Older adults may be included in the next group of Californians to get coronavirus vaccines, under a new proposal that state vaccine advisers considered Wednesday.
People 75 and older and people between ages 65 and 74 with health conditions are now being considered for inclusion in the roughly 15 million Californians who could be next in line to get vaccinated after health care workers and long-term care facility residents.
Previously, the state’s vaccine advisory committees were considering only essential workers for this next group, such as teachers, grocery store workers and firefighters. If the state does include older adults, it would mirror recommendations made last weekend by a U.S. Centers for Disease Control and Prevention advisory committee.
The proposal has not yet been approved by the vaccine committees that make recommendations to the state on how to prioritize vaccinations. One of the committees, the Drafting Guidelines Workgroup, is slated to meet Dec. 30 to further discuss the matter and send its recommendations to the state then. The state expects to finalize who is in the next group within a week or so, California Health and Human Services Secretary Mark Ghaly said Tuesday.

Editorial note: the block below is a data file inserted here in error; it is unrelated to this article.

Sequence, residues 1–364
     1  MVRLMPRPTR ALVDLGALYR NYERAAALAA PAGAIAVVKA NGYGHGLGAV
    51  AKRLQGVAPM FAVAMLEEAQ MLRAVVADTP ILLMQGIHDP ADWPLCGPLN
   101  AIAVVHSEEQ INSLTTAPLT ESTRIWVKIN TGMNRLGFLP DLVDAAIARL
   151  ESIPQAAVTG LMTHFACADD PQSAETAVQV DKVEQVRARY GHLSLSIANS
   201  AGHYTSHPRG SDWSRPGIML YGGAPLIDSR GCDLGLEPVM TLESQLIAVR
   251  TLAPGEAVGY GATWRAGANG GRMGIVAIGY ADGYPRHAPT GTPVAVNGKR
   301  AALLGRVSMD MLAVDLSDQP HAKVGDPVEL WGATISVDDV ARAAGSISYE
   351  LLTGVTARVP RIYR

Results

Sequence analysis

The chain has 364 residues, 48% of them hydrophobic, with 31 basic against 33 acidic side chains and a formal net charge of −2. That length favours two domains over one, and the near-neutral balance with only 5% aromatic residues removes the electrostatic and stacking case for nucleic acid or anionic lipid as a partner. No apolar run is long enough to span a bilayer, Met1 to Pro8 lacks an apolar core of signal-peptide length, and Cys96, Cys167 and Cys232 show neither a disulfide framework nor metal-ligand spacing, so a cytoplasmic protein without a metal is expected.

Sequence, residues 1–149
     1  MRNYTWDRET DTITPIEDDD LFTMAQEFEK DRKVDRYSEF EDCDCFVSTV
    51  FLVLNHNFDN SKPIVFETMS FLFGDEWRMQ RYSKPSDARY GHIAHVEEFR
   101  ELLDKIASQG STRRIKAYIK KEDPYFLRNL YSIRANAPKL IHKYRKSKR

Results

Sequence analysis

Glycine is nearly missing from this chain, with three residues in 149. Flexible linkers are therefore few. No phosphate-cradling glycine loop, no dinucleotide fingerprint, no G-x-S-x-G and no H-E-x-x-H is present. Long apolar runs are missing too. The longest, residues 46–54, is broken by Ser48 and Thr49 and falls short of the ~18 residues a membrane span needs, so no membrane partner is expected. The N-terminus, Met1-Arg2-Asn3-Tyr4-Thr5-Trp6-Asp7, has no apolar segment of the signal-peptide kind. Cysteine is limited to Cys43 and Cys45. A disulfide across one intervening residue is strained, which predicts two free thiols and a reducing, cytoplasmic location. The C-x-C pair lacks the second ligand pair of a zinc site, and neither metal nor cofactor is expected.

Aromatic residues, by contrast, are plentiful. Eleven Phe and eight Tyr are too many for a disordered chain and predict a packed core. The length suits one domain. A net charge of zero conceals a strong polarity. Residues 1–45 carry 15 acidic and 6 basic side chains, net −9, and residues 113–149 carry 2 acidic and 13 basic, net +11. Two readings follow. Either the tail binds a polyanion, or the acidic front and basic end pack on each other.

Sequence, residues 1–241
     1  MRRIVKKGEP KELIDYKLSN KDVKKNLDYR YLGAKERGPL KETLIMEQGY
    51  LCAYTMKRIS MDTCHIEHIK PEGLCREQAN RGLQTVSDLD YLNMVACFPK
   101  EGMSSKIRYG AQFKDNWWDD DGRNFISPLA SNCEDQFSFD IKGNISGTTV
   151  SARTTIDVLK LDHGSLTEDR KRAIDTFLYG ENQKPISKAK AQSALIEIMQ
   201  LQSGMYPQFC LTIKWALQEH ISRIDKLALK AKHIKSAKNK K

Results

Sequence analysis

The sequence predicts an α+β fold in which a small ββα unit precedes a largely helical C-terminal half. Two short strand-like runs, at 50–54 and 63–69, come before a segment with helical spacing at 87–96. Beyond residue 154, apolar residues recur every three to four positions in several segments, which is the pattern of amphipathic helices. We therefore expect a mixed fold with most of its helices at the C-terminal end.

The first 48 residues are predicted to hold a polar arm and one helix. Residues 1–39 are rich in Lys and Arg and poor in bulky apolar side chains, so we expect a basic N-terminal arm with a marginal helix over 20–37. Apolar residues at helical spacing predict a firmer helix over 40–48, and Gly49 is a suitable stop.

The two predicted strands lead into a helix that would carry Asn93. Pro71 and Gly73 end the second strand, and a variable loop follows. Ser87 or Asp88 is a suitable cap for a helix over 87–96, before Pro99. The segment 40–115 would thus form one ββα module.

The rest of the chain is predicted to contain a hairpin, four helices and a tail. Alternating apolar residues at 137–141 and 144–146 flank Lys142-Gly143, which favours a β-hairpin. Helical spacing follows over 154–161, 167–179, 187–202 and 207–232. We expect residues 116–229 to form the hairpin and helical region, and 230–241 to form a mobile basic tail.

Older adults are at much higher risk of dying or becoming severely ill from COVID-19 than younger people. The death rate for people 65 to 74 years old is 90 times higher than that for people 18 to 29, according to CDC data. It is 220 times higher for people 75 to 84, and 630 times higher for people 85 and older, compared to people 18 to 29.
California is currently vaccinating the roughly 2.4 million people in the first priority group, or Phase 1a, which are health care workers and residents and staff at long-term care facilities. The next group, Phase 1b — the group that will likely include essential workers and potentially seniors — will probably get vaccinated in January and February, according to estimates from federal health officials.
Phase 1b may be divided into two tiers. The first could include 1.4 million education and child care workers including teachers, 1.1 million emergency services workers, 3.4 million food and agriculture workers including grocery store workers and 2.6 million people who are 75 or older. The second tier could include half a million critical manufacturing workers, 2.1 million facilities and services workers, 1.1 million transportation and logistics workers, 300,000 people who are incarcerated or homeless and 2.5 million people between ages 65 to 74.
“We don’t have enough vaccines so we’re going to have to make tough choices until we do,” Dr. Oliver Brooks, co-chair of the Drafting Guidelines Workgroup.
California has vaccinated more than 120,000 people so far, state health officer Dr. Erica Pan said Wednesday.